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An Introduction to Seven String Guitars

For many hundreds of years, almost as long as the idea of the guitar itself has been around, there have been modifications to the conventional design - sometimes this included an extra string! When you hear the term ‘seven string guitar’, your mind naturally wanders towards heavier, more aggressive styles of music. However, this is not always the case and we will be learning about some of those today.

The modern seven string guitar as we know it, with a solid body and menacing styling, was popularized in the mid 1980s by Steve Vai who lent his name to a design by Ibanez guitars. The purpose of this blog post is not only to introduce the idea of extended range guitars, but also to open your minds to what can be achieved with them.

What Is a Seven String Guitar?

Today we will be talking about seven string guitars that have a lower string added to a standard six string configuration. Just like the name suggests, it is a guitar with seven strings. The function is exactly the same up to the seventh string.

Typically, the guitar is tuned as follows:

However, we must add another note to this (highlighted in green). So, we have the following notes with the open strings (from seven to one):

It is possible to find guitars that have an extra string on the higher pitched side of the guitar, though this is less common. In this case, the extra string would be a high A note instead. Also, most modern tuners are easily capable of accurately tuning to this new, lower pitch. Some tuners even have a seven string mode!

Notable Players

The best players have their own unique approach to playing with the extra string. Sometimes it’s really heavy, other times it is not. Here are a few of my favorite ones:

Mikio Fujioka (藤岡幹大)

This guitarist is perhaps one of my favorite players of all time and I was deeply saddened by his untimely passing in 2018. In this particular video he demonstrates the more aggressive side of his playing, though his other material demonstrates a wondrous knowledge of harmonics and played with a unique style that is unmistakably him.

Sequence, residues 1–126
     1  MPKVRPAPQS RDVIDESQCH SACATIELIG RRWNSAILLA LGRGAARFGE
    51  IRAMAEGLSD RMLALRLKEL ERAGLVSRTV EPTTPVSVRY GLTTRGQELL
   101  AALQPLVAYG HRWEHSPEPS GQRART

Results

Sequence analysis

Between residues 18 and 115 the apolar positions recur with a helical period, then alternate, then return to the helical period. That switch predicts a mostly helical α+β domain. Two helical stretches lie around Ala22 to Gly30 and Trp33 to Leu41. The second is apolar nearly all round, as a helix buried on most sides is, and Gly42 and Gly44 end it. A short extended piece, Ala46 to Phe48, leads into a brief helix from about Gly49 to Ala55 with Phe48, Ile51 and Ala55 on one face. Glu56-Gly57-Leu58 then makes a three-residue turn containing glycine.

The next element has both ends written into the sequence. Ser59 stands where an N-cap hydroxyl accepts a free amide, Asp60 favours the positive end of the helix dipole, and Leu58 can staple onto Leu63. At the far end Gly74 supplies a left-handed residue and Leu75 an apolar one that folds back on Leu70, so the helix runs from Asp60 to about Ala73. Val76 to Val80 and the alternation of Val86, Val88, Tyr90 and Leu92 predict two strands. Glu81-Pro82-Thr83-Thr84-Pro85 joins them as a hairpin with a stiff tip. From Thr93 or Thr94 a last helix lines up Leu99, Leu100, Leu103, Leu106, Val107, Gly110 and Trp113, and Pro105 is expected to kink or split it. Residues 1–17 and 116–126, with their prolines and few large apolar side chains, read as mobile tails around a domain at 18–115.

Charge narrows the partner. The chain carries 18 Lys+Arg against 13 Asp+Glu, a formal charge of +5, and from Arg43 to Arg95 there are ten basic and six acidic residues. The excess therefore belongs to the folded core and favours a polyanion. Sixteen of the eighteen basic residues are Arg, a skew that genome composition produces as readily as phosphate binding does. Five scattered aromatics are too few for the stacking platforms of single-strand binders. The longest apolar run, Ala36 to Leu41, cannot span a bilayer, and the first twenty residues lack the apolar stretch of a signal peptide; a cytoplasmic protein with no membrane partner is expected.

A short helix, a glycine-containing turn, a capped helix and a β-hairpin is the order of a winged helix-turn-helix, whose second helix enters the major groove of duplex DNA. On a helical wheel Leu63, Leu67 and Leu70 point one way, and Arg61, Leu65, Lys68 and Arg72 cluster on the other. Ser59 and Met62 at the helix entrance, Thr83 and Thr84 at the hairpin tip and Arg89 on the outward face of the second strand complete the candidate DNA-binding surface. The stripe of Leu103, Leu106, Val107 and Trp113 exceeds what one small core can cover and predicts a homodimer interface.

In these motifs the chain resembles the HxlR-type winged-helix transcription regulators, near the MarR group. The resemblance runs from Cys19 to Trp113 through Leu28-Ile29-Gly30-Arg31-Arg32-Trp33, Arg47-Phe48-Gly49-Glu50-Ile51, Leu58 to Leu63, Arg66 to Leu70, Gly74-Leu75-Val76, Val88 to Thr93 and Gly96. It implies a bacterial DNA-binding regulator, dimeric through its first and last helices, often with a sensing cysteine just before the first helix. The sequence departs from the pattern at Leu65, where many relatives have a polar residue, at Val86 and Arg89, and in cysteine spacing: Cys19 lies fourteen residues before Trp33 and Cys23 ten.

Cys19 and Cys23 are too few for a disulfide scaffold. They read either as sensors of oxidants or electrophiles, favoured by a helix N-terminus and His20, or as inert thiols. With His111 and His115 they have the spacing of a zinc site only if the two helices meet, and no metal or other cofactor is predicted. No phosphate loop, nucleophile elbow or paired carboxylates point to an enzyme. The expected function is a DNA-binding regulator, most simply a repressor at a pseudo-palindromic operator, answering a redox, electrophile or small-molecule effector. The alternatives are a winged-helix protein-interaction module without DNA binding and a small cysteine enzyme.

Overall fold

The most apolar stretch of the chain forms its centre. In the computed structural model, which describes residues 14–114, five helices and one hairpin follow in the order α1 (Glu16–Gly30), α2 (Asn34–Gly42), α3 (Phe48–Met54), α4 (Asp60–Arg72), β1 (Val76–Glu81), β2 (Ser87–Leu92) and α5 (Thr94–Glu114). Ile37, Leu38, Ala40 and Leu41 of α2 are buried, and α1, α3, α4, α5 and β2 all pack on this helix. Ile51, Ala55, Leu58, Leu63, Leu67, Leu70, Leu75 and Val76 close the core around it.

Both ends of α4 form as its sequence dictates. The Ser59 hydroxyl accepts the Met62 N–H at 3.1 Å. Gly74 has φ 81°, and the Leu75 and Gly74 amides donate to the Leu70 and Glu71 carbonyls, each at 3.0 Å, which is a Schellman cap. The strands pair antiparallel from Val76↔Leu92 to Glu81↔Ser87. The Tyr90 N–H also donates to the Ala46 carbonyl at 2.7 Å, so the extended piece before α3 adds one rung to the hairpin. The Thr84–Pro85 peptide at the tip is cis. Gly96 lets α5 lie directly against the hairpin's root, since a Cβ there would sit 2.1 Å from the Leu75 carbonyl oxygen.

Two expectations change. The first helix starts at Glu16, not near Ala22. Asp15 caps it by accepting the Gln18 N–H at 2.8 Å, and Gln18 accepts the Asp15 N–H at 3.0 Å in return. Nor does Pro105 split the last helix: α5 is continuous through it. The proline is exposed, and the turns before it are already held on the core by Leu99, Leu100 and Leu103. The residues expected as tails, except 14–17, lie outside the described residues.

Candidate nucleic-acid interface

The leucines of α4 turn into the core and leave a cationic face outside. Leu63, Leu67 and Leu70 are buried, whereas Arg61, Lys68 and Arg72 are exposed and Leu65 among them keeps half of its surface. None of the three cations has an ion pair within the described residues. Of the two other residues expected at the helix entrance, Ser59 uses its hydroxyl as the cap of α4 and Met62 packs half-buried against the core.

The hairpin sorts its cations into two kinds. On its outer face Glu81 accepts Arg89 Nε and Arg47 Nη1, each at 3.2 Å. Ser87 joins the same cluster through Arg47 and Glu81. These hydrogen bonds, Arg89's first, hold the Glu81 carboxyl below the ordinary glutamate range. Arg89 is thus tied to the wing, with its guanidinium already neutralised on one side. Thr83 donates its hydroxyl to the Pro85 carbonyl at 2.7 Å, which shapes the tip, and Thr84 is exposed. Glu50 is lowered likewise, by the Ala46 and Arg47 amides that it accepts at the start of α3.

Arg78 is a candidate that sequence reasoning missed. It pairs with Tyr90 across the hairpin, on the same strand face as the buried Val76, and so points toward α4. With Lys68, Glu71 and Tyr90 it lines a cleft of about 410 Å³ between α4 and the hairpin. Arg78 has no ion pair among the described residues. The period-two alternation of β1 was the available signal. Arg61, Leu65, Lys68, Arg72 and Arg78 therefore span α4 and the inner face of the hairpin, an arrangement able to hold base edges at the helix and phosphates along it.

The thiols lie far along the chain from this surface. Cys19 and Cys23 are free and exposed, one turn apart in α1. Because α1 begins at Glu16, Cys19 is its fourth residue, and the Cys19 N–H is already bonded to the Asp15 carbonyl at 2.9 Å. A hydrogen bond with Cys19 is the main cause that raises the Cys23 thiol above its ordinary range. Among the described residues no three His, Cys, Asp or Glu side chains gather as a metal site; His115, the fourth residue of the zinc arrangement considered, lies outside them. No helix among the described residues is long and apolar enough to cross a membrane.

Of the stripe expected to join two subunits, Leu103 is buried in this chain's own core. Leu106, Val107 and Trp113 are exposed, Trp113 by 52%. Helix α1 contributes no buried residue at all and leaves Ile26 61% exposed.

Equally at home with six or seven string guitars, acoustics and even the ukulele, he uses the extra string as a tool to create the music in his head, and it is not his identity. 

Steve Vai

I mentioned Steve Vai at the start of this post, and I have chosen to include him again here because of his obvious contribution to the world of guitar. The song I linked above is by the band Whitesnake whom Vai played with for a short time - the album itself is considered by many as the turning point for seven string guitar becoming a regular feature in a guitarist’s arsenal. 

According to the man himself, the reason for using extended range guitars on this album was to help fill out the sound between his own playing and the other guitarist, Adrian Vandenberg. So the addition of the string wasn’t for stylistic reasons, and more for aural ones. 

John Pizzarelli

The Pizzarelli name is very well known in the world of jazz guitar, and John Pizzarelli is well known for using a seven string guitar, and making great use of the addition. Listening to any of his music, you could be forgiven for not realizing that it wasn’t a conventional guitar he was playing. 

I recommend you check out his back catalog to really get a feel for how he uses the instrument in a style that couldn’t be further from heavy metal. 

Extended Harmonic and Melodic Possibilities

I personally like to use seven string guitars for the extended harmonic and melodic possibilities. This means that I would have, depending on the number of frets on the guitar, up to 24 more notes to play with.